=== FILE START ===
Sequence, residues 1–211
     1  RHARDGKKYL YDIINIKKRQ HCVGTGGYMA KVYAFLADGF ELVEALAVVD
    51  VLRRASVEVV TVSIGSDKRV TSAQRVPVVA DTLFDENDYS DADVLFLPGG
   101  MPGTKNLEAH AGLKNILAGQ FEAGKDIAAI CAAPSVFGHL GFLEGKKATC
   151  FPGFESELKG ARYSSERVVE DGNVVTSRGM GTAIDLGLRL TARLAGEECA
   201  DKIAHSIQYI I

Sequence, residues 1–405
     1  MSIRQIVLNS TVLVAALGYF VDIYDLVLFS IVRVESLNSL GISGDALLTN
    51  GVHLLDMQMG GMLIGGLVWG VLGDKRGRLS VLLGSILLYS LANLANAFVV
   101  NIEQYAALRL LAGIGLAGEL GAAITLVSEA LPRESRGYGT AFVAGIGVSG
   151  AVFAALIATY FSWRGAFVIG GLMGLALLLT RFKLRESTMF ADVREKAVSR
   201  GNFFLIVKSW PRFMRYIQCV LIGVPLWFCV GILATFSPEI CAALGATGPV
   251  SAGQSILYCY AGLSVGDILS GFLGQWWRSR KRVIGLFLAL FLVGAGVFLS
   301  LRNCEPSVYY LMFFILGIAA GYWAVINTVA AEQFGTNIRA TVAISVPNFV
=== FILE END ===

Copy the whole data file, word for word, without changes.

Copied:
Sequence, residues 1–211
     1  RHARDGKKYL YDIINIKKRQ HCVGTGGYMA KVYAFLADGF ELVEALAVVD
    51  VLRRASVEVV TVSIGSDKRV TSAQRVPVVA DTLFDENDYS DADVLFLPGG
   101  MPGTKNLEAH AGLKNILAGQ FEAGKDIAAI CAAPSVFGHL GFLEGKKATC
   151  FPGFESELKG ARYSSERVVE DGNVVTSRGM GTAIDLGLRL TARLAGEECA
   201  DKIAHSIQYI I

Sequence, residues 1–405
     1  MSIRQIVLNS TVLVAALGYF VDIYDLVLFS IVRVESLNSL GISGDALLTN
    51  GVHLLDMQMG GMLIGGLVWG VLGDKRGRLS VLLGSILLYS LANLANAFVV
   101  NIEQYAALRL LAGIGLAGEL GAAITLVSEA LPRESRGYGT AFVAGIGVSG
   151  AVFAALIATY FSWRGAFVIG GLMGLALLLT RFKLRESTMF ADVREKAVSR
   201  GNFFLIVKSW PRFMRYIQCV LIGVPLWFCV GILATFSPEI CAALGATGPV
   251  SAGQSILYCY AGLSVGDILS GFLGQWWRSR KRVIGLFLAL FLVGAGVFLS
   301  LRNCEPSVYY LMFFILGIAA GYWAVINTVA AEQFGTNIRA TVAISVPNFV